Plot descriptions I have read over the Internet claim the movie's setting is either in the Carpathians or Transylvania (Romania is in the Eastern and Southern part of the Carpathians). However, I do not recall anyone stating a location nor do I remember a caption appearing on-screen stating a setting. Regardless, the movie begins with Dr. Eswai (Giacomo Rossi Stuart) arriving in a small town via horse and carriage. The driver will not take Dr. Eswai any further and makes the doctor walk to the town's inn, where he is expected. The set-up immediately recalls "Dracula" when Reinfeld arrives to a Transylvanian town and is told of various superstitions by the villagers, encouraging him not to continue any further. Which may explain why some believe "Kill, Baby, Kill" also takes place in Transylvania.
Waiting for Dr. Eswai is police inspector Kruger (Piero Lulli), who would like the doctor to perform an autopsy on the body of a young woman found dead the night before. Was it murder? Suicide? The villagers believe recent deaths are the cause of a curse placed on the town by the Graps family, after one of Baroness Graps' (Giana Vivaldi) childern, a daughter, was killed, when a horse and carriage rode over the girl and no one would come to the girl's aide. Since then sightings have been reported of the girl. Who ever sees the child is usually found dead. Is the ghost of the child getting revenge on the town? That's what the villagers believe.
The set-up is not unlike several classic horror movies centered around a character presented as a man of science who must either fight an evil force or prove to the town a conspiracy is at hand and there is a perfectly good explanation for the supernatural activities the villagers encounter. "Kill, Baby, Kill" is a bit of much with a mystery element thrown in.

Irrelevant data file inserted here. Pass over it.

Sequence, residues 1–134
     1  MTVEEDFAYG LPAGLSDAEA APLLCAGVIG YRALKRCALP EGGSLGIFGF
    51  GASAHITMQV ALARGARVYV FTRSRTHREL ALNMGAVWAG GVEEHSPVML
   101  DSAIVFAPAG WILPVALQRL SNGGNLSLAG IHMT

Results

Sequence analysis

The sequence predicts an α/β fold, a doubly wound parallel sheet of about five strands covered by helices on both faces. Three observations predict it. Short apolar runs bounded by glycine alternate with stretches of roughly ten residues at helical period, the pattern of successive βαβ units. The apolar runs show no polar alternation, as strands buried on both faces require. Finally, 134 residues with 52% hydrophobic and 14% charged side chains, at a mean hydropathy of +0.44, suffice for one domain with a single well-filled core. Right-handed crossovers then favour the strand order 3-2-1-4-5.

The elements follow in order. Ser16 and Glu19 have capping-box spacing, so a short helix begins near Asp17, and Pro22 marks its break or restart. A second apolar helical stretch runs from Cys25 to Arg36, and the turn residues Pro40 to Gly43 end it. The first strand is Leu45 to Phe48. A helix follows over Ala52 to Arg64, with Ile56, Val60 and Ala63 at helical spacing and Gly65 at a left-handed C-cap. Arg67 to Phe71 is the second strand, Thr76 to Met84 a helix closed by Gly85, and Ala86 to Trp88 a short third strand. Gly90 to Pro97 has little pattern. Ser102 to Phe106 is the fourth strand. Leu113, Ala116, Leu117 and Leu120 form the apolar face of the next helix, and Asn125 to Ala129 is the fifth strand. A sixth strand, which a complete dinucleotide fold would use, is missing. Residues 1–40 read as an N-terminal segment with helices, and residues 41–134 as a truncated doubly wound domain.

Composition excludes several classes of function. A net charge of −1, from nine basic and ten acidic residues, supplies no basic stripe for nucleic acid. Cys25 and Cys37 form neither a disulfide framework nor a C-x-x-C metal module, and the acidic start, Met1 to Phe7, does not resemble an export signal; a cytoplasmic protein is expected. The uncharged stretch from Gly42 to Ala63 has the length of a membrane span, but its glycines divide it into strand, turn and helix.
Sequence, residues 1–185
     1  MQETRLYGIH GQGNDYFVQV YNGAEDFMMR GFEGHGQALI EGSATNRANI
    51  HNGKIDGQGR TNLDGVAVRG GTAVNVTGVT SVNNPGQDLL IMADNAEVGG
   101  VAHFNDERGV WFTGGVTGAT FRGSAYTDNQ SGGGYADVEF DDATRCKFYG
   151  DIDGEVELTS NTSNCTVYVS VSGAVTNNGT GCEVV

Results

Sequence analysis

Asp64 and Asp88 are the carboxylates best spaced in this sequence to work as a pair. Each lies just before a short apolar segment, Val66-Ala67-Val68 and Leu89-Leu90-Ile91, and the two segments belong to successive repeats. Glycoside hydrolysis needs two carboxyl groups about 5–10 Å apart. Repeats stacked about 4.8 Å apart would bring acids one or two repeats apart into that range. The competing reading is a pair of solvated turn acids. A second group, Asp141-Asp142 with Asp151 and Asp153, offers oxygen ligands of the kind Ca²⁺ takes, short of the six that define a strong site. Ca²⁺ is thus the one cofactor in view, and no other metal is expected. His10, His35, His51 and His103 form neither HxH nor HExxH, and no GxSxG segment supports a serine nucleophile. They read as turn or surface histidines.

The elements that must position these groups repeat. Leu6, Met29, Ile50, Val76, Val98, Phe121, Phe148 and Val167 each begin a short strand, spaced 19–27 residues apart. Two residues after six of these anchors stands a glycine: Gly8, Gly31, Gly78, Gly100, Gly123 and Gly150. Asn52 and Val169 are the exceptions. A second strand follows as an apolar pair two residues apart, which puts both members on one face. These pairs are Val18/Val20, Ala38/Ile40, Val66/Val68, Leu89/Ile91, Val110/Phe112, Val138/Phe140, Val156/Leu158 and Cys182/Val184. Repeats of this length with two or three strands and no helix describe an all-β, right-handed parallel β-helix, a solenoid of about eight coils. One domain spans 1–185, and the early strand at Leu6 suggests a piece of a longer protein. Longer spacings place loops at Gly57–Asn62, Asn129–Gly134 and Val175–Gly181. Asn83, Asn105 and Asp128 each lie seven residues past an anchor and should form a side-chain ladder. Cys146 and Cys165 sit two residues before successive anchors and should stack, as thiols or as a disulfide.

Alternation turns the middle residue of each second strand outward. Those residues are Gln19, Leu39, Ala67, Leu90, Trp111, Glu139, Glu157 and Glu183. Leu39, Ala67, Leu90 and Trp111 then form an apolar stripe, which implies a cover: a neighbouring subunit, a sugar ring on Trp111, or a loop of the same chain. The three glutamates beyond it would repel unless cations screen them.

Although the plot may be predictable or at a minimum familiar, there are some good moments of suspense. The acting is far from memorable, as some performances are barely better than amateurish, the visuals are the real star of the movie and make "Kill, Baby, Kill" a watchable, which is arguably the reason why the movie enjoys such a positive reputation among both movie goers and critics. One memorable sequence involves a spiral staircase as one character chases after another. Some have compared the color scheme to another giallo movie, Dario Argento's "Suspiria" (1977), suggesting Mr. Argento may have been influenced by this movie. Many have commented on the heavy use of the color red (disclosure, I am color blind and did not notice this) as another common element found in both movies, although, since giallo movies are known for graphic violence, the use of red (meaning blood) is quite common.
Another star of the movie is the Graps' mansion, with hanging cobwebs, dark hallways and ghostly sightings. An entire movie could have easily been made exclusively in the mansion alone, as these sequences borrow from the haunted house genre.
Those not familiar with Mr. Bavo's movies may want to start here as those not familiar with giallo may as well. The title suggest sensationalism but the movie has, for the most part, a classic structure. It has its flaws, weak acting and clumsy dialogue, but the visuals and overall atmosphere make this one worth watching.